GU Huonan, 65, is a farmer with a signature talent. He's the acknowledged local expert in making Yexie cakes, a time-honored snack in the eponymous village in Songjiang District.
Stepping over the threshold of his modest rural home, a visitor can see why he has won that distinction.
The fire crackles from dawn to dusk in the large clay oven he built in his small backyard. The kitchen is filled with bags of flour, and the dining table is often arrayed with neatly aligned, homemade cakes waiting to be steamed. Gu's wife, Jiang Jinnai, 68, bustles about getting the water boiled.
Made of rice and stuffed with any one of dozens of fillings, such as sweetened red bean or jujube pastes, the Yexie cake is a rich, square-shaped pastry - sweet but not cloying, soft but not sticky. The snack has been officially included in Shanghai's cultural heritage list of products, recipes and folk arts.
"During busy times, like Spring Festival, I have to cook almost 2,500 cakes a day," says Gu, pointing to a calendar where delivery dates are carefully recorded. His customers range from fellow farmers to downtown Shanghai residents willing to drive an hour to buy the cakes.
"I've got a crazy month coming up," he says, of the prelude to the Lunar New Year, which falls on February 10 this year.
In Shanghai, traditions like Yexie cake have a prominent place during festival times of the year.
Yexie cake can be traced back to 1573 during the Ming Dynasty (1368-1644). Legend has it that the cake was first created by a businessman named Shi Maolong, for reasons now obscure. Since then, the recipe and cooking technique have been handed down from generation to generation. Gu has been making the cakes for almost three decades.
"At the beginning, I learned the recipe just for fun," he says, "but gradually I became attached to this hand skill.
As a young man, Gu drove a tractor hauling bricks and served as a "barefoot doctor" in his rural village. His life changed one day when he met Zeng Yumei, a descendant of the Shi family, who taught him how to make Yexie cakes.
"Each step is done by hand, which takes time," Gu says. "So people have to order weeks in advance."
Business is always brisk. His cakes have become an indispensible part of town celebrations, birthday parties, wedding ceremonies and the blessing rituals at groundbreakings.
Gu's small house is his kitchen. He made specially designed bamboo steamers and built the oven, which can accommodate 128 cakes at a time.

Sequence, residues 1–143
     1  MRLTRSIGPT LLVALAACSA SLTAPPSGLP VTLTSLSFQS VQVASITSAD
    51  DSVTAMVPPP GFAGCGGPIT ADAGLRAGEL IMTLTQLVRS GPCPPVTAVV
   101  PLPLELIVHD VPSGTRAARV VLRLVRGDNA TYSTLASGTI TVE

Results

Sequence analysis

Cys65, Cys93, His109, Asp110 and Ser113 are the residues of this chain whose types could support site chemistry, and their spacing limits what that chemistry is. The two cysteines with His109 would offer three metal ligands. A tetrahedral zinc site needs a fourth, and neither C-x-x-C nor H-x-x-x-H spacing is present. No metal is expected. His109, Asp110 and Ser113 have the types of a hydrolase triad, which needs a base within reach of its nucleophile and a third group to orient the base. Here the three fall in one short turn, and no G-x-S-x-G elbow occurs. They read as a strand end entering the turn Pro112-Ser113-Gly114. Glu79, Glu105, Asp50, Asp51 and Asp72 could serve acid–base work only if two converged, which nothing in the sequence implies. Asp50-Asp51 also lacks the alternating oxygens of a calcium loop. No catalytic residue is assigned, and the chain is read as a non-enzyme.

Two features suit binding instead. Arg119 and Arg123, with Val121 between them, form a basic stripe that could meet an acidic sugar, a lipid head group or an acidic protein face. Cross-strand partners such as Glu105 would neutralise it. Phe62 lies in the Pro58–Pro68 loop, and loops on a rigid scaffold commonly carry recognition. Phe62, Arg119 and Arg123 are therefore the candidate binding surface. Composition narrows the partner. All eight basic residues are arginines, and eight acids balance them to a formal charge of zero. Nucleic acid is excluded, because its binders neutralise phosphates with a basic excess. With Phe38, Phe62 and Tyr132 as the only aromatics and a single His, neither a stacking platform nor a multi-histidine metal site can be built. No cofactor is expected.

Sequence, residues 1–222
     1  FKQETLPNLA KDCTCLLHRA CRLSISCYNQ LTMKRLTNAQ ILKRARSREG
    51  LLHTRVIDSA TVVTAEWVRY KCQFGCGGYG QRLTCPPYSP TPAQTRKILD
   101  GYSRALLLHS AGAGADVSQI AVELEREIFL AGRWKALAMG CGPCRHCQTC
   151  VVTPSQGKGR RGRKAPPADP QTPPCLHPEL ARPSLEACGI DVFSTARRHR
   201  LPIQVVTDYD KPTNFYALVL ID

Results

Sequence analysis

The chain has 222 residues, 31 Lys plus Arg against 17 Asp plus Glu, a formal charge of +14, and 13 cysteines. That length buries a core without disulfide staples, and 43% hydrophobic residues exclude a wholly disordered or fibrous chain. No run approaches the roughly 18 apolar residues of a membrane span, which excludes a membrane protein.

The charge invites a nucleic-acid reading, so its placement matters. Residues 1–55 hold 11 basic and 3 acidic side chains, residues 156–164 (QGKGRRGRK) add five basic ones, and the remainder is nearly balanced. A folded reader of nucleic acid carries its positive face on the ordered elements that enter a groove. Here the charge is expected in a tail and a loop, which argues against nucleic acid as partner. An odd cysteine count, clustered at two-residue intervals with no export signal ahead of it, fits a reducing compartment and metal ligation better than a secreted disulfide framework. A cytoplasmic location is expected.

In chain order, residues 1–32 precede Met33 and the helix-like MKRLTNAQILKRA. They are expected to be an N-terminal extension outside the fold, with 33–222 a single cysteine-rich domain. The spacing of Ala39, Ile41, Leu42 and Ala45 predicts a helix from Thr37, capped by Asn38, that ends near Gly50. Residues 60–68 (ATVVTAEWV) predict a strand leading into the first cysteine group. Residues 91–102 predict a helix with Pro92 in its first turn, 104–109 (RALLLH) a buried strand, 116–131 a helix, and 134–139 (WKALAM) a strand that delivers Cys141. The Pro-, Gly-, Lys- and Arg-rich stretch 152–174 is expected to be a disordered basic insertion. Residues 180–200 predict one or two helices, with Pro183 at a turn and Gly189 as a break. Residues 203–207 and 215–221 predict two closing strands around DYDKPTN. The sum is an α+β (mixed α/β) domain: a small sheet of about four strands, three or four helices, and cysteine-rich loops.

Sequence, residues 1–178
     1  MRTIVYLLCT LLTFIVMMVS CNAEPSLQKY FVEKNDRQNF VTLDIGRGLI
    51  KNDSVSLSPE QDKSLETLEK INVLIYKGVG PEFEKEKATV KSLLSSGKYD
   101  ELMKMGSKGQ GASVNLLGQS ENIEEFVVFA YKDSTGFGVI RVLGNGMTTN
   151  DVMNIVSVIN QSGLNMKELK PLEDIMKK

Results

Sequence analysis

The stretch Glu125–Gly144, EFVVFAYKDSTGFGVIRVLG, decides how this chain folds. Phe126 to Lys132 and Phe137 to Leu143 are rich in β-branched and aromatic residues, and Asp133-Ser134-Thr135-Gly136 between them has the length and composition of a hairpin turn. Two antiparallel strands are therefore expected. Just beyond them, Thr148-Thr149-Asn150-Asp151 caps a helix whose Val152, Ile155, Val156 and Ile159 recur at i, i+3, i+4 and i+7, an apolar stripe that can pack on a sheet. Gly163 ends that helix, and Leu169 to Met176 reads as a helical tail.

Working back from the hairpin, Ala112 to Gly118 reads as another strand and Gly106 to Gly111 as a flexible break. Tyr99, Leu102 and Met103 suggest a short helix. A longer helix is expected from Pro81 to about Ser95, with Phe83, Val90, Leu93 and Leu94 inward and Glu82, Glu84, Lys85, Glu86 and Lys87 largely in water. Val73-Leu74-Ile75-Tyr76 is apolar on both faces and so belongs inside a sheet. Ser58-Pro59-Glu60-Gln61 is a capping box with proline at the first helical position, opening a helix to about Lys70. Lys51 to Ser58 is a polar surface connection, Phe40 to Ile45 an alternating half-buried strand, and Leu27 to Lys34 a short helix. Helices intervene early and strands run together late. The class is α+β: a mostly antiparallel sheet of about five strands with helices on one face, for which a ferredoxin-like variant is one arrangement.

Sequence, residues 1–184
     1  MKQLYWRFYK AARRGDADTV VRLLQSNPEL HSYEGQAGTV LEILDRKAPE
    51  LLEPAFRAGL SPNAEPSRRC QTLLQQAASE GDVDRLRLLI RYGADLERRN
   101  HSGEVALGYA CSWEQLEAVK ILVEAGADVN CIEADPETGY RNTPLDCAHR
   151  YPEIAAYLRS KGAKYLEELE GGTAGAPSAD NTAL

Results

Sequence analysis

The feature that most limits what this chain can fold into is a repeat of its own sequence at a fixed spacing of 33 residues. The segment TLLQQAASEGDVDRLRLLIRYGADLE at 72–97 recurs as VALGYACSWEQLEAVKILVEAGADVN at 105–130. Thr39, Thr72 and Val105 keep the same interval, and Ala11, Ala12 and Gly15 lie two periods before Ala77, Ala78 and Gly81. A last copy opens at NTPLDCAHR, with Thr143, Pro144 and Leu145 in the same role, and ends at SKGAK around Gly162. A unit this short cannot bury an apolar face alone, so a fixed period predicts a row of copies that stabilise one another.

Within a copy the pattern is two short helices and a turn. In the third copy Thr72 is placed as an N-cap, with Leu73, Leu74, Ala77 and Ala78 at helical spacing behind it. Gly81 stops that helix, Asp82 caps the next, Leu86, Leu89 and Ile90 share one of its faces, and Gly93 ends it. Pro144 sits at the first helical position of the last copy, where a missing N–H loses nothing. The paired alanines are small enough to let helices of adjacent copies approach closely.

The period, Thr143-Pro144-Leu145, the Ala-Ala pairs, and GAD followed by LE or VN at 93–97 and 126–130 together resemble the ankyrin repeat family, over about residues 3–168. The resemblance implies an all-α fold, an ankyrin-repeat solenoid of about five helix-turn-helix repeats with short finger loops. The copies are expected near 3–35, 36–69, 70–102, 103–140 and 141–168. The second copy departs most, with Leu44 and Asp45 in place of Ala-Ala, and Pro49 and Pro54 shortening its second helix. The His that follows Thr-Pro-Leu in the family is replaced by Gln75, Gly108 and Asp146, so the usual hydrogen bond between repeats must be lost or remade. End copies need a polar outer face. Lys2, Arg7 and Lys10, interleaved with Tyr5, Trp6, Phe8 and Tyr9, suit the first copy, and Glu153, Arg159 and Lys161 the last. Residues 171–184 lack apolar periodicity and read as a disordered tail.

"Oh, it's a great helper that improves efficiency," he says.
Gu and Jiang get up at 2am to begin kneading the dough, mixing fillings, lighting the stove and boiling water to steam the cakes.
Their whole morning is devoted to the task of cake-making.
The recipe for the cakes has remained pretty much the same for 430 years. Gu's recipe uses 95 percent ordinary rice and only 5 percent glutinous rice.
"Some people with stomach disorders can't digest glutinous rice, but they can enjoy my cakes," he says.
Both rices are soaked in cold water for seven days to allow fermentation. The water is changed daily. The fermented rice is ground into a powder with a stone pestle and then sifted three times to create a fine flour texture.
The flour is mixed with sugar, lard, oil and different fillings, and then placed on a bed of lotus leaves before being put into a bamboo steamer.
"I used to use more sugar," Gu says, "but nowadays people are more health conscious and don't like things too sweet."
In summer, Gu adds peppermint oil to the flour, giving the cakes a refreshing taste.
The cakes can be stored for a long time. Even in summer, they keep for a week at room temperature.
Chef Gu worries about the future.
"I'm old," he says. "Who among the younger generation will take up this skill?"
The local government worries, too. It wants this local culinary art preserved, so it arranged for Gu to take on apprentices, all of them recruited from a local restaurant in a neighboring village.
The government provides an annual subsidy of 30,000 yuan (US$3,839) to support the apprenticeships.
"I'm happy when I am making cakes, and I hope people who eat them are happy, too," Gu says. "I'm willing to teach anyone who wants to learn. My dream is to have a big kitchen where my apprentices and I can expand cake-making to a signature industry for the whole town."